Escondido Baha’i Library

This profile was last updated in 2006


The Escondido Bahá’ís recognized that they had outgrown their most capacious domestic spaces and would need to find a larger commercial building for gatherings many months before the January 1997 opening of their current center downtown. They established a specific fund for the acquisition of the center and called on the nearby Bahá’í communities of San Marcos and Valley Center to help with initial costs. In short, the decision to rent a building in which to establish an official center of community life was not rash. But just a few years after setting up shop, the Bahá’ís found that they simply could not afford the rent payments. Although Bahá’í law enjoins all members to contribute to the local fund regularly, the amount a person gives is left up to the individual believer. The result is that the Local Spiritual Assembly, the nine-person administrative body of the local community, has no foolproof way to estimate what the community’s income will be six months in the future. Disheartened, a Bahá’í representative went to the landlord and broke the news that the community could only afford to keep the center if they could rent it for half price. Naturally, the landlord disliked such an unprofitable business arrangement and declined the request. The community knew they would have to give up their center in the following months and they prayed collectively for the best solution to their predicament. Would they go back to meeting in homes? Find another building to rent? Then one day the landlord approached the Bahá’ís saying he had changed his mind and the rent would be cut in half from then on. This is one reason why the Bahá’ís cherish their center so much: they were very close to losing it at one time.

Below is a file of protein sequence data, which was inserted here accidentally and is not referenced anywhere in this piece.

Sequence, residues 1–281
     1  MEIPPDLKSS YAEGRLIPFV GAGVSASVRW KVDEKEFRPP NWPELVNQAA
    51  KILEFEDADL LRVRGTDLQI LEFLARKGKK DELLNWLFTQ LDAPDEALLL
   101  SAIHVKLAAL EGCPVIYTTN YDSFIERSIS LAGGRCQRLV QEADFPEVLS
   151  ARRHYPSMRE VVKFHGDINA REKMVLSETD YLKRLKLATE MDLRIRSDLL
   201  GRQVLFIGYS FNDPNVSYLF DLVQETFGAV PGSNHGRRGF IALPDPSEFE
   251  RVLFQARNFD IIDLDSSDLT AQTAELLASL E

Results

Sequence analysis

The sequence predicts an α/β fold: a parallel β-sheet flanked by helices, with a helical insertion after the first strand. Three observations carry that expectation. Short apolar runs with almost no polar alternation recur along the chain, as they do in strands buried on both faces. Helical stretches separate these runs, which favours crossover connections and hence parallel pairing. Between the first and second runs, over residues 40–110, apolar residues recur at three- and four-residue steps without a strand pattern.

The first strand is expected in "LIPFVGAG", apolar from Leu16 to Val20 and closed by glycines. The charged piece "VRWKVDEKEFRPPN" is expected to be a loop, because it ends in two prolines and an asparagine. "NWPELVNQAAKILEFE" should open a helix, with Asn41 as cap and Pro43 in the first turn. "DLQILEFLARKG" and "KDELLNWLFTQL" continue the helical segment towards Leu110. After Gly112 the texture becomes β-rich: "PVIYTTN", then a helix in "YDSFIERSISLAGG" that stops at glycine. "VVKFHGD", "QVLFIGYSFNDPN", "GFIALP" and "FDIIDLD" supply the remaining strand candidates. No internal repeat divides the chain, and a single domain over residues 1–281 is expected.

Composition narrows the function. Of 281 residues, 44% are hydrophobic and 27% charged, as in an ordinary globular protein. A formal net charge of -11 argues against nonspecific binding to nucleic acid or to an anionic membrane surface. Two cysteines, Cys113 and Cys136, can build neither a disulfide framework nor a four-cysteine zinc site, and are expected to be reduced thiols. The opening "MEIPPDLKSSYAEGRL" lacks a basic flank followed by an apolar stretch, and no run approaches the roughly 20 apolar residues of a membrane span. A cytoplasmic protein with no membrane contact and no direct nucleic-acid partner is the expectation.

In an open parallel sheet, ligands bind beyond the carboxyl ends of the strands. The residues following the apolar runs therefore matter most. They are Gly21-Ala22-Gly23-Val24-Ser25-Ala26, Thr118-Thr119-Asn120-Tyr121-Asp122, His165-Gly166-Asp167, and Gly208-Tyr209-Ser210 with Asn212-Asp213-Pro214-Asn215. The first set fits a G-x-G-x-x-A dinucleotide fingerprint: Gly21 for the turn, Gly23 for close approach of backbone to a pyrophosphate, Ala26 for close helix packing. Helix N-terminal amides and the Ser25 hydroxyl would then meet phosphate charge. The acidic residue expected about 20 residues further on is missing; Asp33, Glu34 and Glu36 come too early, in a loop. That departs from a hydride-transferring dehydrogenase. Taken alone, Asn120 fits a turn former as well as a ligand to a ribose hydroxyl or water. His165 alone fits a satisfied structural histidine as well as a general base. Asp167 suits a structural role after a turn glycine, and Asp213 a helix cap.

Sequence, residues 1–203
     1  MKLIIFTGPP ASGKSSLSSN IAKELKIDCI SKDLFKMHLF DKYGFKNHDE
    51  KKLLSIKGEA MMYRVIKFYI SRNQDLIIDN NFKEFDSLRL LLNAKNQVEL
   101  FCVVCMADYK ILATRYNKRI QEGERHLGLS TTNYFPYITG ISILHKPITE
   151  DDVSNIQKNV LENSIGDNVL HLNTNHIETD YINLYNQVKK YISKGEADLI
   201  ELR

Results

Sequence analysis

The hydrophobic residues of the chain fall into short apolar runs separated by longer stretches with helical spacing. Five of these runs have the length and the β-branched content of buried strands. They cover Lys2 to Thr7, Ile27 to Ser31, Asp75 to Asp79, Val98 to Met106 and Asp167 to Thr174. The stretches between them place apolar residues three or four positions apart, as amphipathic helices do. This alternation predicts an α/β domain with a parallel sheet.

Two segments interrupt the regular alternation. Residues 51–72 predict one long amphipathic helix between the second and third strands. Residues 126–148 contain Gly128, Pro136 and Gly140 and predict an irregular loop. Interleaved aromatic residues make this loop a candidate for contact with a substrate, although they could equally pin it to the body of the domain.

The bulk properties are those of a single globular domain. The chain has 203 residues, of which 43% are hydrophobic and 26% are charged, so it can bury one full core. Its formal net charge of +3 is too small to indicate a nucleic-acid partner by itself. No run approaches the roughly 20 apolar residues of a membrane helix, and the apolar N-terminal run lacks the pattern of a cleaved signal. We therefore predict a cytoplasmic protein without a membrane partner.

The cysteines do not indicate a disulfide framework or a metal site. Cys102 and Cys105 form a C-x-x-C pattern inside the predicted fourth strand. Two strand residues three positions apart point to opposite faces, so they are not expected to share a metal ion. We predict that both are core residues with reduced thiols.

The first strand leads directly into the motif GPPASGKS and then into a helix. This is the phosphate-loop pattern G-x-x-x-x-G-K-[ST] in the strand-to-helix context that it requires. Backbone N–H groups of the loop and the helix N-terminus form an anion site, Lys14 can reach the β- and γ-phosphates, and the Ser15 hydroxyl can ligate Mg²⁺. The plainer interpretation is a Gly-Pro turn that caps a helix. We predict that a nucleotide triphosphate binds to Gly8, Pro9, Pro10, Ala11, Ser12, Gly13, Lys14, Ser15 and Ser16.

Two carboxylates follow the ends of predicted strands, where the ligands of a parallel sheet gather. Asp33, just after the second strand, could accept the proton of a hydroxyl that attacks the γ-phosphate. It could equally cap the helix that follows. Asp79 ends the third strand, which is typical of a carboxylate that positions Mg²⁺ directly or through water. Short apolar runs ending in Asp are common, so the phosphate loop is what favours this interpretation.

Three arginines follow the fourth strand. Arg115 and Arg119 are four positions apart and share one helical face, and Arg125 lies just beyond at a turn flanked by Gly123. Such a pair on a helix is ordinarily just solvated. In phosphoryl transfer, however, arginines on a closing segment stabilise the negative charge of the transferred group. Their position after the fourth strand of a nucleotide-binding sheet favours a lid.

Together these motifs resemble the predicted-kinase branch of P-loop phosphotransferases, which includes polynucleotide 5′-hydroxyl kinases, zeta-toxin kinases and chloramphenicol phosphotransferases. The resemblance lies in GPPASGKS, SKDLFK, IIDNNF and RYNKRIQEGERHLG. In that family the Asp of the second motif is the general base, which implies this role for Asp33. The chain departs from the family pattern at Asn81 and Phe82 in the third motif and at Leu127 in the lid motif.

The Escondido Bahá’í Library is much more of a religious center than a library: zoning laws necessitated the current appellation. However, either coincidentally or out of a desire to live up to its name, the library does have the second most comprehensive collection of Bahá’í reference materials in San Diego County. With roughly three hundred books and forty videos, as well as an extensive archive of World Order magazines (academic articles on Bahá’í-related topics published quarterly by the National Spiritual Assembly of the Bahá’ís of the United States) the Escondido Bahá’í Library is one of the best places to do Bahá’í research in San Diego County. Even so, most people who use the building don’t refer to it as a library– they just call it “the center,” reflecting the fact that many Bahá’ís have jobs and children and are much more interested in the building’s capacity to hold people rather than books. In any case, the library is the first room one encounters when entering the center. A wall of bookcases display the library wares and a Persian rug, easy chairs and flower arrangements ensure a relaxing environment in which to browse. Several standing lamps provide soft mood lighting which explains why the library area is so often used as a private prayer room as well. Next to the library is an administrative office which leads into the main meeting room where most of the public gatherings and worship services take place. Two large dry erase boards with lists of community goals show the remnants of a brainstorming self-evaluation meeting, and numerous bulletin boards offer even more lists of short-term and long-term local plans and youth objectives. This main room also has a television and the capacity to hold about 45 folding chairs. Down the hall lie storage cabinets, a kitchenette, and the Children’s Room. This final room is plastered with art projects and craft supplies and is home to the community’s children’s classes.